I have been very fortunate to work with some fantastic creatives over my career. The little design work I have done over the years can never compare to the inventive ways designers can solve the problems our customers have. The upper crust even take feedback on their designs, which goes far against the stereotype.
What makes them successful, however, can make work in the corporate world sometimes problematic.
The truly creative designers buck trends and thumb their nose in the face of conventional thought patterns. So when you need to impose some sort of framework or standards around their process, they get all squinty-eyed.
Again, this is a stereotype. One of the best creative directors I have ever worked with had rigorous design standards he wanted every member of the team to follow. He is a rare breed indeed.
I bring up all of this in light of a great article by Mike Maass from Citrix. In his post on UX Magazine, he lays out some great thinking behind a good Design Strategy. If we had a standard practice of creative output, it can allow the software to get out of the way of users and allow them to best use your product:
“An expertly designed interface—one that exceeds user expectations—gets out of the way and lets the experience take center stage so the user can achieve their task unhindered. Thus, the heroes of UX are those who do their jobs so well as to craft the unseen, to hide the UI behind an unmistakably fantastic UX. Doing this consistently is the great irony of UX design.”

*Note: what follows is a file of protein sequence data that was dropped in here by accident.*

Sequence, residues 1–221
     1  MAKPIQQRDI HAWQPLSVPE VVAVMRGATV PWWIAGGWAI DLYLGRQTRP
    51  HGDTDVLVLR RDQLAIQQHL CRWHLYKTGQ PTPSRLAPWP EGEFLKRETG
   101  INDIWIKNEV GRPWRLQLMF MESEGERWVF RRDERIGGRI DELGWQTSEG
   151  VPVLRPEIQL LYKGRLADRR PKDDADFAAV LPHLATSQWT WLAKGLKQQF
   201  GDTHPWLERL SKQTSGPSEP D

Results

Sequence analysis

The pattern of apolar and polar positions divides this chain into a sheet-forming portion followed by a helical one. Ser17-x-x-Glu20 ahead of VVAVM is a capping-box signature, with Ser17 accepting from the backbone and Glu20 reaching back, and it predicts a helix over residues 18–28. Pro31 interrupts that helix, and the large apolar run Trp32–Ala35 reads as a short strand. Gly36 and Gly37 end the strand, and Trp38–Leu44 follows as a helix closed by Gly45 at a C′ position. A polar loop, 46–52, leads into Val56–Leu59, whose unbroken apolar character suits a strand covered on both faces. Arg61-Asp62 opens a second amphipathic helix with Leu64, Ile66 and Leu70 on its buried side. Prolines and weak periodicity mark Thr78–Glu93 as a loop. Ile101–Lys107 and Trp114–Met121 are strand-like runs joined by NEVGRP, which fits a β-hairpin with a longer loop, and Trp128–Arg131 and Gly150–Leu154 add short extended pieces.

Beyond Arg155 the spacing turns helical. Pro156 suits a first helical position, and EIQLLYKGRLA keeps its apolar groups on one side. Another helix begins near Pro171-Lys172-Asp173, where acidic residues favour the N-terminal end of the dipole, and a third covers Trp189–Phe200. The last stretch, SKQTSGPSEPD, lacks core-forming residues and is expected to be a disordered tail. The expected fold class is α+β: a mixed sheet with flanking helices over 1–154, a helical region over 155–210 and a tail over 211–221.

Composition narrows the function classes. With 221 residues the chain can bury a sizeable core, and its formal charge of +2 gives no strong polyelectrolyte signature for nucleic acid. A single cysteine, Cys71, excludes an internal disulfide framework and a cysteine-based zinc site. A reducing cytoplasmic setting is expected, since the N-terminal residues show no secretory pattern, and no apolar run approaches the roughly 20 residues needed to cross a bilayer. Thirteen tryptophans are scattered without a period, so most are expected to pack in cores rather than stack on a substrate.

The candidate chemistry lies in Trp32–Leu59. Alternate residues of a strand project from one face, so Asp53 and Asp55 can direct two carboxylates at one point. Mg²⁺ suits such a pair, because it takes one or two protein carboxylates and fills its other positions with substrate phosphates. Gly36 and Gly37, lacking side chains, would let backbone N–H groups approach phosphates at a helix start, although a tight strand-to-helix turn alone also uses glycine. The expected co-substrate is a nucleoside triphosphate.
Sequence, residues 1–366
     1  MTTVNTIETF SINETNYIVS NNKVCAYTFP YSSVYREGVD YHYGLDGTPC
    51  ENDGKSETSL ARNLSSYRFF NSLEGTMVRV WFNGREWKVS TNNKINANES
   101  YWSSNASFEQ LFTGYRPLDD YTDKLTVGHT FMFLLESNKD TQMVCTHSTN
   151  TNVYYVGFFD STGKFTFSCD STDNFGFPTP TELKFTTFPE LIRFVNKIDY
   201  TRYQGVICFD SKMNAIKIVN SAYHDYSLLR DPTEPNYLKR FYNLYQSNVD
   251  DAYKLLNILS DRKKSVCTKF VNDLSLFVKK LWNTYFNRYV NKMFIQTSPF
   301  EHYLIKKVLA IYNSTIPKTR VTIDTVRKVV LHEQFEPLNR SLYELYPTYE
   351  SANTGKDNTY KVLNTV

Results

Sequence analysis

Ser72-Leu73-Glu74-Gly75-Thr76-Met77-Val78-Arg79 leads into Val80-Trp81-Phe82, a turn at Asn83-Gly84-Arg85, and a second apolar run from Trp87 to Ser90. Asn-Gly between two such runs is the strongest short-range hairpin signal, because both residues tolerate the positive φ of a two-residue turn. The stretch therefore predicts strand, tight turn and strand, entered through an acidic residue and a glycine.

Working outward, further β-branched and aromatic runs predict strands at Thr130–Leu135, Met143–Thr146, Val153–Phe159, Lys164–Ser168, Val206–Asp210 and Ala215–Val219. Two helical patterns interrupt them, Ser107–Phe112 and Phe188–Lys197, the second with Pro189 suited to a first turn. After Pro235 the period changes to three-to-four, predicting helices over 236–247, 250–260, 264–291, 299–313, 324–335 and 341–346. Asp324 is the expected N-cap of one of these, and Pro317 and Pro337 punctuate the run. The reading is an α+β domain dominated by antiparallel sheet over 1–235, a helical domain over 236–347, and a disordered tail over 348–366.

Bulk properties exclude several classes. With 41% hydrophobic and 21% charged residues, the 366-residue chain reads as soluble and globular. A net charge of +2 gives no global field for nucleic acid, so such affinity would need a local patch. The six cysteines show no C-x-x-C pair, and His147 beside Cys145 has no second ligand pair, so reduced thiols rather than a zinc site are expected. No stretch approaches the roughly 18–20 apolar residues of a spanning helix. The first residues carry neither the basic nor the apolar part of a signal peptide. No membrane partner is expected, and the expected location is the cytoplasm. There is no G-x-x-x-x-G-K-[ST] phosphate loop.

This is not as easy of a task has the article lays out, which is usually the case. Many great designers get to where they are by having their own process of not only creating from scratch, but iterating upon their initial work.
However, just like software engineers, if you don’t have some sort of standard for the output of great work it allows chaos to ensue right in the middle of a project.
Think about it: when your development teams encounter difficulty with a new feature request or defect, we encourage them to let the process take over. The coding discipline initiated allows other developers to come in midstream and either consult or help complete. Random code implemented without following protocol usually leads to double the work to fix after.
Same for designing a suite of products with the singular goal of forwarding your platform. If one designer implemented buttons in a completely different manner than another, the user can be taken completely out of the experience. Maass argues that consistent UX allows the interface not get in the way of a flow, thus becoming invisible.
The design standards should follow the rules of simplicity and precision. There’s nothing wrong with changing a strategy, but it can only be done as a collective group. Once it’s decided upon, stick to it and make your standards easy to implement.
It’s great to see companies like Citrix accomplish something like this. While I’m sure the process was challenging to put into place, it’s clear from their product line it’s working.